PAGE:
Back in the late 1940s, when Republicans were promoting the adoption of the 22nd Amendment to the U.S. Constitution, it seemed that never again would the nation have so strong, so popular, so commanding a leader as "That Man," Franklin D. Roosevelt. And if one came along, Republicans wanted to make sure that such a person could never serve more than two terms as President of the United States.
The worm, as usual, turns. The amendment, which went into force in 1951, first prevented Republican Dwight D. Eisenhower from seeking a third term, should he have wanted to. Now it is effective a second time, barring Republican Ronald Reagan from running again.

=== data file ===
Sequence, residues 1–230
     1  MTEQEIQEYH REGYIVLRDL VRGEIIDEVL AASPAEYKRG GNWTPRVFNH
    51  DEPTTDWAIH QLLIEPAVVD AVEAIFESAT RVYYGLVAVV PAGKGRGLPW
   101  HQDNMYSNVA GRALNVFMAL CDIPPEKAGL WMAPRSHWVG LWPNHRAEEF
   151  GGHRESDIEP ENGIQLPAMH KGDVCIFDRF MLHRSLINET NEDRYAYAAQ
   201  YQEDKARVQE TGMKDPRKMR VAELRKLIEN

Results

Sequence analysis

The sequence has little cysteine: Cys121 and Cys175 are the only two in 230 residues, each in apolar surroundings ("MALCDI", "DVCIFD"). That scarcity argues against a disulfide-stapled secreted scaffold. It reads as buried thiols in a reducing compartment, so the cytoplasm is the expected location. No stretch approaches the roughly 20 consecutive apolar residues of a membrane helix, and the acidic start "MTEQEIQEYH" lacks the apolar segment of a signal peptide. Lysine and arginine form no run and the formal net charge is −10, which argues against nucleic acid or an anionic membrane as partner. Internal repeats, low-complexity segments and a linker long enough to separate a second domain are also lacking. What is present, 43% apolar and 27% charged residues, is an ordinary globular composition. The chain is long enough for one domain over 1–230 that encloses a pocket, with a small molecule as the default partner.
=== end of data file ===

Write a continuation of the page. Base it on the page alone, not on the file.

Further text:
The Republicans are right: The 22nd Amendment should be repealed. There should be no illusions, however, that this is a way to get Ronald Reagan to seek another four years in office.
Reagan, to his credit, began talking about repeal in press interviews some time ago. More recently the President has promoted the idea in public speeches. But, after tantalizing his audiences for a moment, he makes it clear that his proposal should not, and would not, apply to him. Nevertheless, Rep. Guy Vander Jagt (R-Mich.) has launched a campaign with the impractical and impossible goal of changing the Constitution in time to make Reagan eligible for a third term.